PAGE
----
Aluminium smelting is the process of extracting aluminium from its oxide, alumina, generally by the Hall-Héroult process. Alumina is extracted from the ore bauxite by means of the Bayer process at an alumina refinery.
This is an electrolytic process, so an aluminium smelter uses huge amounts of electricity; smelters tend to be located close to large power stations, often hydro-electric ones, in order to reduce the overall carbon footprint. Smelters are often located near ports, since many smelters use imported alumina.
"Final energy consumption in the global aluminium industry in 2007 was estimated to be 93 Mtoe. The industry is highly electricity-intensive. Primary aluminium smelters used just over 50 Mtoe of electricity in 2007, equivalent to about 4% of global electricity consumption. In total, the aluminium industry emits 0.4 Gt CO2-equivalent of greenhouse gases, including process emissions and indirect emissions from electricity production, equivalent to just under 1% of total global greenhouse-gas emissions (IEA, 2010)."
Given that primary aluminium production consumes about 20 times more energy as recycled aluminium and given that electricity consumption constitutes roughly one-third of the production costs, reducing electricity consumption is one of the industries R&D priorities. Aside recycling, several technologies to improve the performance of the aluminium production process are available, such as the use of inert anodes (instead of the conventional carbon anode). Inert anode technology is seen as one of the more promising options for the industry for the years to come.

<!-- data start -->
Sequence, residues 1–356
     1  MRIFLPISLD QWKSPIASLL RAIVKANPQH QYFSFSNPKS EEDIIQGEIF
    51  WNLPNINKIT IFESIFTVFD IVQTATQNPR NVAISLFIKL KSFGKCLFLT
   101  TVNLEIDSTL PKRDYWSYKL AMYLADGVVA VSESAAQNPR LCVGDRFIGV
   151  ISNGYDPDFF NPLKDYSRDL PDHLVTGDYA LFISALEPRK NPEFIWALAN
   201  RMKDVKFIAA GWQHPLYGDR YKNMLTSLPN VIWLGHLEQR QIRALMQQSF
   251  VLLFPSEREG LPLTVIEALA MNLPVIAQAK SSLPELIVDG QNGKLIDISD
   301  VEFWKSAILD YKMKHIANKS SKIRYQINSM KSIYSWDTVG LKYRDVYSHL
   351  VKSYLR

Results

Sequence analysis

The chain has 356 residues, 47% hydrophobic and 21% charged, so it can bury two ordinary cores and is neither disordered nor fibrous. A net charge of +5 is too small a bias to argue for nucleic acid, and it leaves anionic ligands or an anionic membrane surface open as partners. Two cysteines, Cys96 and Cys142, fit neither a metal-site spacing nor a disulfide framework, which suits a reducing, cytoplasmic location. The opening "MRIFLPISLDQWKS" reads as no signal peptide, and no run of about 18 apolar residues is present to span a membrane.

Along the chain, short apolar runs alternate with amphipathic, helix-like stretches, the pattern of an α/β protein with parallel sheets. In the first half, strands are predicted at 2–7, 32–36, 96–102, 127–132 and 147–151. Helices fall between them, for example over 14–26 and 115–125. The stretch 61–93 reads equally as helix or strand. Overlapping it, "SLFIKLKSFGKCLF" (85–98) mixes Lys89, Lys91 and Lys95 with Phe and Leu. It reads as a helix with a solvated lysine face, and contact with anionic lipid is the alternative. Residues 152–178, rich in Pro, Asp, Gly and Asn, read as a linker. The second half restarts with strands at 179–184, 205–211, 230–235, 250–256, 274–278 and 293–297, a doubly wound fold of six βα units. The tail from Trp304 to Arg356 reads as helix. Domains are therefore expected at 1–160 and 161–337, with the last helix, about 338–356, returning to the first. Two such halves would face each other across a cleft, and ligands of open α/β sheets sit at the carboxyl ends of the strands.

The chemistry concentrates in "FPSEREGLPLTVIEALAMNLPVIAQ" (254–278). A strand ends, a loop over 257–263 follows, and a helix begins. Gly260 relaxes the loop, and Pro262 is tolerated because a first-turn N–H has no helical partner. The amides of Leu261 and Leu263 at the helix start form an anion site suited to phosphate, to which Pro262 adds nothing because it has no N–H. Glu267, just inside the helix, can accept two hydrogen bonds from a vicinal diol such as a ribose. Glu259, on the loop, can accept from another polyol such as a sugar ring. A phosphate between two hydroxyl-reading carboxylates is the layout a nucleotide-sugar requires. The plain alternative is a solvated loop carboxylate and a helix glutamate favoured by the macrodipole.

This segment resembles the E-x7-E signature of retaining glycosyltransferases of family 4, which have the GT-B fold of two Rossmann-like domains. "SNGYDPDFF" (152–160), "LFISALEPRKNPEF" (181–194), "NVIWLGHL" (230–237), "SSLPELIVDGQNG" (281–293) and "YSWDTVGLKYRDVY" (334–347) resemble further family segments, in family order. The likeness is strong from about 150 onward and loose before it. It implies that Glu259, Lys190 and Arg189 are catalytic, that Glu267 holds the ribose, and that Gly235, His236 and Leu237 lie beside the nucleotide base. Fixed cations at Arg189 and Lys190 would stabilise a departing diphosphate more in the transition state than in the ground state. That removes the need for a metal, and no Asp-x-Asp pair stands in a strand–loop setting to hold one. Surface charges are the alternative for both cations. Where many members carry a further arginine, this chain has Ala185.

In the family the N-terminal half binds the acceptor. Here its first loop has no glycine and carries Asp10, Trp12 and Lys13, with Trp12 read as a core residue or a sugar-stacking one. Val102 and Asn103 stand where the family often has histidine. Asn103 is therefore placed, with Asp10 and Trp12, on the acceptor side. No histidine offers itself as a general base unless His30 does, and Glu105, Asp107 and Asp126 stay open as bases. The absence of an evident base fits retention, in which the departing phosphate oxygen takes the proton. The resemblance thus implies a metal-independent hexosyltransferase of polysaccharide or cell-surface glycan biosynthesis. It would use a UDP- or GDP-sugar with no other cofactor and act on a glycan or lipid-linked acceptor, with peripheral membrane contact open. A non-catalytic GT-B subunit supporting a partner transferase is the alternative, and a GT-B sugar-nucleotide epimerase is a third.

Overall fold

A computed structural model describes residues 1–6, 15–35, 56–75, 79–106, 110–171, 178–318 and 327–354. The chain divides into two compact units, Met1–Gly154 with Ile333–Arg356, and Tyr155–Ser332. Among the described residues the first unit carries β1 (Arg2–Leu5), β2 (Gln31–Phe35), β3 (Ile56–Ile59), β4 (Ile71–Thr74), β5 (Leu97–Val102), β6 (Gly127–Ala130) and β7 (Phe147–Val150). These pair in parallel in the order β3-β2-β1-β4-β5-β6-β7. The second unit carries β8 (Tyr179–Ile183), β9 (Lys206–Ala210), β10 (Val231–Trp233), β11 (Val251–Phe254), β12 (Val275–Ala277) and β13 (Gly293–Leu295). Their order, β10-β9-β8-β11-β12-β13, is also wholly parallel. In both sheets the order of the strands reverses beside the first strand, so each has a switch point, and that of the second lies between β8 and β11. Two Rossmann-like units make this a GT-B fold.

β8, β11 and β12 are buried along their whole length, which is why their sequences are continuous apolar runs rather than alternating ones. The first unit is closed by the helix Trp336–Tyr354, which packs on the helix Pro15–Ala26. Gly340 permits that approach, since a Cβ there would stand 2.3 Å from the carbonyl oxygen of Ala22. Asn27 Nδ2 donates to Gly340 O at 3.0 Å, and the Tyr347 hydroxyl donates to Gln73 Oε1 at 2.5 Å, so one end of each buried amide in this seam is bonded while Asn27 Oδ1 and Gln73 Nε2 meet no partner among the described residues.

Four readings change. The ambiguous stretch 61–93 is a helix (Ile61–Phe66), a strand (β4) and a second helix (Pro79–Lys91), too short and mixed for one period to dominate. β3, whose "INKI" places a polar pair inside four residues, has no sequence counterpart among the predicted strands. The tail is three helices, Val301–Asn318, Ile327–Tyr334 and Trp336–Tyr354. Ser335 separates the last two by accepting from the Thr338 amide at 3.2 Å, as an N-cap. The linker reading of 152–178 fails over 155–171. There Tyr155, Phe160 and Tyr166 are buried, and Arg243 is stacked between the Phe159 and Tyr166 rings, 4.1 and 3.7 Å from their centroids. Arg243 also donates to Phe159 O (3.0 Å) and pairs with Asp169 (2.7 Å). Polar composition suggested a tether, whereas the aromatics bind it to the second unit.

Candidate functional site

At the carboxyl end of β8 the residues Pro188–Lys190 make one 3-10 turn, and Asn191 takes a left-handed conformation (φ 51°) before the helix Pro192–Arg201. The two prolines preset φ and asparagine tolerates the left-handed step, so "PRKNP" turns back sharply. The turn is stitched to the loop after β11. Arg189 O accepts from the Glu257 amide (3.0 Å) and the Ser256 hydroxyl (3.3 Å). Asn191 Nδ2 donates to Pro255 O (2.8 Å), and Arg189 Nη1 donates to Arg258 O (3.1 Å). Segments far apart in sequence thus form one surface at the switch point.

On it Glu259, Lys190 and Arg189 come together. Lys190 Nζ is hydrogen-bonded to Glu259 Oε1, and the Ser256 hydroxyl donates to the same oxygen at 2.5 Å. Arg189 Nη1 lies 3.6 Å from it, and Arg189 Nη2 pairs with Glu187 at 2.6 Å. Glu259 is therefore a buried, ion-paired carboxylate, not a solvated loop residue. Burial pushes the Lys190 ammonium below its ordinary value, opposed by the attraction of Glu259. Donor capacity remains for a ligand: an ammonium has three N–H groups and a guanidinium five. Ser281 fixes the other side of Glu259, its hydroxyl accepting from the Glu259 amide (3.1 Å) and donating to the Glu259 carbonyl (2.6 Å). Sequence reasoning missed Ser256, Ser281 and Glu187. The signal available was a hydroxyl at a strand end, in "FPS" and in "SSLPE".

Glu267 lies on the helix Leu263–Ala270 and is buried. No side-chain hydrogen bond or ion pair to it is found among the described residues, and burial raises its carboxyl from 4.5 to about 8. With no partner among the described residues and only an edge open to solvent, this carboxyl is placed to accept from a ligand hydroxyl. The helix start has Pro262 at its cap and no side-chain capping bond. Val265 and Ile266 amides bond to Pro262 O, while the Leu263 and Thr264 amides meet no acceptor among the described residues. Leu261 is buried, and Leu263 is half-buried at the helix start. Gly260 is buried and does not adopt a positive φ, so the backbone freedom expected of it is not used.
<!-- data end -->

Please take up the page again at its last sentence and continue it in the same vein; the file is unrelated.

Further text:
There are three principal potential advantages in favour of developing a new cell technology with inert anodes:
Aside from the anode, a basic Hall-Heroult electrolytic cell also comprises a cathode and electrolyte. So-called development and use of wetted cathodes in combination with inert anodes allows for lower anode-cathode distances. This in turn is accompanied by reduced voltages and lower energy consumption (estimates are in the range of 20-30% reduced energy consumption). The wetted drained cathodes is another advanced technology that would significantly improve the aluminium smelting process in the coming years.
Finally, carbothermic production of aluminium is one more advanced research which is currently underway which will revolutionize the smelting of aluminium. All these researches and technologies are more directed towards reducing the power consumption in smelting and impact on environment. Energy efficient process and impact on socio-economic development and environment protection are the primary objective in today’s world.
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